Man Threatening to Rehome the 3 Cats His Wife Loves Dragged—'I'm Over Them'

A man who wants to rehome his three cats because he is sick of caring for them has been slammed online after he shared his dilemma.

In a post on Reddit that has since been deleted, the 29-year-old man explained that he and his wife have been married for a year and have three cats.

"Prior to us being together she was very anti-pets," wrote the man. "I'd always wanted a cat. We talked and with heavy persuasion from me, ended up getting a Bengal from a breeder."

But when the first cat turned out to be skittish and nervous, the couple decided to get her a sibling to try to help bring her out of her shell. Later, because neither cat was very cuddly, they also adopted a calico as a lap cat.

Cats in a shelter cage
A file photo of three cats sitting in a cage at a shelter. The internet has slammed a man for saying that he wants to rehome his three cats. Okssi68/Getty Images

"All of these were joint decisions," he explained. "[My] wife feeds them, I do [the] litter box, water, meds, and google solutions to any issues that come up."

In the U.S., according to the World Animal Foundation, 6.3 million companion animals enter shelters each year, including 3.2 million cats. When it comes to rehoming animals, there are usually two options: private rehoming or surrender to a shelter.

Cat behavior consultant Alice Chau-Ginguene told Newsweek: "Having a pet is a two-way relationship. Just like any relationship, it works only if both sides are happy. Humans not being happy with the arrangement is an absolutely legitimate concern. While it might make some pet lovers uncomfortable to admit, having a pet is a big commitment and it does take effort, money, and time.

"Of course, we get so much in return. Unconditional love, loyalty, companionship. And this is why we keep giving," Chau-Ginguene added.

"If one feels overwhelmed by the care of their animals, I would suggest speaking with a pet behaviorist as I sense there is some underlying reason for this resentment. Is it because of toilet behavior or the destruction? These problems can often be resolved.

"However, sometimes the resentment comes from a place where the humans don't feel they are getting anything in return from this relationship, e.g. cats are being shy and do not interact with humans. There is often underlying cause for such behavior."

The couple recently bought a house, and the issue of cat care had started to become problematic.

"I do most of the cleaning, vacuuming, dusting, etc," the poster wrote. "This was the case when I worked, but more so since I've been unemployed for 4 months."

"I've felt discontent with the cats since we moved because I have to clean constantly to stay on top of the shed hair, the food mess, the litter tracked everywhere," he added. "They randomly throw up on rugs and pooped on the hardwood floor—vet visit showed nothing wrong."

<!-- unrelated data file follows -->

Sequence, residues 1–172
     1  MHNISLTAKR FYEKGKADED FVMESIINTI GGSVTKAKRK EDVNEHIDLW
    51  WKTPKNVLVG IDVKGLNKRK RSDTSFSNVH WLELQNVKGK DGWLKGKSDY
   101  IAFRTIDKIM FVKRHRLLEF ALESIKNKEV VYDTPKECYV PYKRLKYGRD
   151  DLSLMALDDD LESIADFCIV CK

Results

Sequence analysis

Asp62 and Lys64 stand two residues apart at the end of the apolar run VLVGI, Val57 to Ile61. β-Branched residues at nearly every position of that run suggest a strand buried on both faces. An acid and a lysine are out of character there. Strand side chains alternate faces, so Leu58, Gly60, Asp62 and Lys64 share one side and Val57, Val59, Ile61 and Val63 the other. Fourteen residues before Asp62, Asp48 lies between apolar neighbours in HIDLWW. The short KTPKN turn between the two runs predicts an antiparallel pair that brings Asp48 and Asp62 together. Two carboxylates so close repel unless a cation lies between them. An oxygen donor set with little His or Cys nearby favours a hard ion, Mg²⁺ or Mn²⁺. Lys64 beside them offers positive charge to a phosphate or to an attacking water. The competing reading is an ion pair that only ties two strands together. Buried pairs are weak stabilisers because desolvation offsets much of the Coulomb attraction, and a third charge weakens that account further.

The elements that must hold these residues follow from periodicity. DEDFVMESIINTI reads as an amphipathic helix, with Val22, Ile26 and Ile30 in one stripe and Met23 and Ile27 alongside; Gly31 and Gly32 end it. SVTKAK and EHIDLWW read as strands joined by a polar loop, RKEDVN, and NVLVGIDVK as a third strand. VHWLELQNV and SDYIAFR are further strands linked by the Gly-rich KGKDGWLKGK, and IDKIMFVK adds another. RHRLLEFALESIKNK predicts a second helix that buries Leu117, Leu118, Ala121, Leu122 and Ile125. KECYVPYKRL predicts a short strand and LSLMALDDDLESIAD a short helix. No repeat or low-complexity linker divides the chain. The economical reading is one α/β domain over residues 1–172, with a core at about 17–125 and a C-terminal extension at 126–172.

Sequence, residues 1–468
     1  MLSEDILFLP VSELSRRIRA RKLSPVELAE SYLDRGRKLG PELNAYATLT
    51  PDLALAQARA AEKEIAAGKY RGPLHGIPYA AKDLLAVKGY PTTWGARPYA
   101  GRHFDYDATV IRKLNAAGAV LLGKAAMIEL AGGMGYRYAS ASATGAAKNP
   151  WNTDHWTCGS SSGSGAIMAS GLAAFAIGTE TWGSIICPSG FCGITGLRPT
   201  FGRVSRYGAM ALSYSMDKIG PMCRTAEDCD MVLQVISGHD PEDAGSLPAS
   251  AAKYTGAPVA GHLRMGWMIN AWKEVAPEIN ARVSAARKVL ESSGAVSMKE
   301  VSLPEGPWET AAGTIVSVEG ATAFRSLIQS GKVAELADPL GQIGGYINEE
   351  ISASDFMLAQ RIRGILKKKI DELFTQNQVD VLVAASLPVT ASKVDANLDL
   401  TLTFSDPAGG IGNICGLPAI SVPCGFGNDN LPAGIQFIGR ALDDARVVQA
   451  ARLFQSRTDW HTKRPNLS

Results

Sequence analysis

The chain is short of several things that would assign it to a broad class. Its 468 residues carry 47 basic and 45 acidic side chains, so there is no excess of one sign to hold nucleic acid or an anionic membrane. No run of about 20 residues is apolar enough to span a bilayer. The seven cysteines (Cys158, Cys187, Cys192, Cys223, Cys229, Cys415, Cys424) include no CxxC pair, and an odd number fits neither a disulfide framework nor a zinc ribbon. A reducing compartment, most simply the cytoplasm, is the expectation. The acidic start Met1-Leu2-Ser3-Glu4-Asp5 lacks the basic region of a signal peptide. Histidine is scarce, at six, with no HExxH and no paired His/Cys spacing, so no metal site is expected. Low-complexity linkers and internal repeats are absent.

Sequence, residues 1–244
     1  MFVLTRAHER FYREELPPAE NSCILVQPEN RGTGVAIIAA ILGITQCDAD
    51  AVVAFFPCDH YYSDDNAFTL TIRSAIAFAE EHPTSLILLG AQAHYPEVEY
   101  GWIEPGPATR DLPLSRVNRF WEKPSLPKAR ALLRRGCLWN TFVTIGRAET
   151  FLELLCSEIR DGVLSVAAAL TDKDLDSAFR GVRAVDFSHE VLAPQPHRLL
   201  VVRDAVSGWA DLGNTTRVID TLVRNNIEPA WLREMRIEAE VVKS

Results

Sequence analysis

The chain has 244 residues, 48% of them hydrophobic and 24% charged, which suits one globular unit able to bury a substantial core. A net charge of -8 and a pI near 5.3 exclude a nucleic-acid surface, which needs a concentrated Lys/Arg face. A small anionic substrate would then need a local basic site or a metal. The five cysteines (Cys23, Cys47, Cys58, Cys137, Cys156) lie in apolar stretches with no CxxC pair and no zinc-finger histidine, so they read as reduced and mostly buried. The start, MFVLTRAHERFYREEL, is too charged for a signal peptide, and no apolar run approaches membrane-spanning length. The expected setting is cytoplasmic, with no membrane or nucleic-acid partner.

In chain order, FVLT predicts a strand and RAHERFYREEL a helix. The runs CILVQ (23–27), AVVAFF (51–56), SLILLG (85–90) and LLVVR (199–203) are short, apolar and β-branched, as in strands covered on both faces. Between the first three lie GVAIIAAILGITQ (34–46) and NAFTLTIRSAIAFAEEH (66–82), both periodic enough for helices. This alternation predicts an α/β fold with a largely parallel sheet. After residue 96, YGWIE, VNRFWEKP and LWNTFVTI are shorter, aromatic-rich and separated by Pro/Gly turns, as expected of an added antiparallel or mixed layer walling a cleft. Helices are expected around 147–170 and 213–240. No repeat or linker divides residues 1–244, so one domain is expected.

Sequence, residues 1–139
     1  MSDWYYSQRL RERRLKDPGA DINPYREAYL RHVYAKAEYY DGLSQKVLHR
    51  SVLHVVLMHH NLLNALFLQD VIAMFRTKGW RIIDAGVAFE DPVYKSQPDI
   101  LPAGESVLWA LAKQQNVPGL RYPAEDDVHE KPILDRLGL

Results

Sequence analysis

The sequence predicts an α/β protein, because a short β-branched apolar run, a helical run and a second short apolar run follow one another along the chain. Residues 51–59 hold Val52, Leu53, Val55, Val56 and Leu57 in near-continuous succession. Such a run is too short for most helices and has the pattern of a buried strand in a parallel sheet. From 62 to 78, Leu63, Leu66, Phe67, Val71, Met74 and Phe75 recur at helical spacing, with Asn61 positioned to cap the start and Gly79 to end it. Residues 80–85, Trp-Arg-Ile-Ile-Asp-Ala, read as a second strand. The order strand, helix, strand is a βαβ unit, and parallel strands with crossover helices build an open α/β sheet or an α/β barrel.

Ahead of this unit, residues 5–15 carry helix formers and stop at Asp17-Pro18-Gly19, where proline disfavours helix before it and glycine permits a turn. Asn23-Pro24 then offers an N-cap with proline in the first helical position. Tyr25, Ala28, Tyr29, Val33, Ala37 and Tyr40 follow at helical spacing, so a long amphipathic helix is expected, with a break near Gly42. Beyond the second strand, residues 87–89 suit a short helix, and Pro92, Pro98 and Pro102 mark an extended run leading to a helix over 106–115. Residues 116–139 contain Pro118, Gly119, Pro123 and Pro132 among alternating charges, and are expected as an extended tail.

The poster wrote that the cats have also scratched up the furniture, and after some time struggling with their care, he wanted to rehome them.

"All in all, I'm over them," said the poster. "[I] want to rehome them responsibly. The first alone and the last two together. I've mentioned it before and was met with sadness and resentment for bringing them into our lives, her getting attached and now me wanting them gone."

His wife accused him of being "flakey" and told her husband that he struggles with commitment.

As a result, he had backed down on the idea, with the condition that his wife help do more of the animal care.

"I understand how it would hurt my wife to give them up, but all I can see are upsides with less mess, more money in the budget, more space with their cat stuff gone," wrote the poster.

In more than 4,500 comments, Redditors slammed the man's decision to rehome his pets.

"Pets are for life, you can't give them up just because you're 'over them'," wrote one Redditor. Meanwhile, another said: "Nothing puts me off more than someone who gets a pet and then gets rid of it, but 3? Pets are a lifelong commitment."

Another Reddit user posted: "Cats aren't toys you can throw away when they're no longer fun."

"It sounds to me that the husband doesn't really have a relationship with the cats," said Chau-Ginguene. "I would review why. Is it the fact that the cats have some behavior problems or the fact that the cats don't interact with him?

"All of these problems can be resolved by working with a cat behaviorist. I can sense that there might also be some resentment between the couple themselves. I feel there is a lot of unpack here, and they really should speak with a psychotherapist."

If you're thinking about private rehoming, Chau-Ginguene suggests still working with a cat charity that is experienced in screening potential owners.

"There are trolls and animal abusers out there to pretend to be adopters—it is not uncommon," she said. "So, please work with someone who is experienced in screening potential adopters. As for surrender to shelter, check that the shelter is registered and follow best practice.

"The sad fact is shelters might have limited space and if they run out of space, they have to find a solution for the overthrowing cats."

Newsweek was not able to verify the details of the case.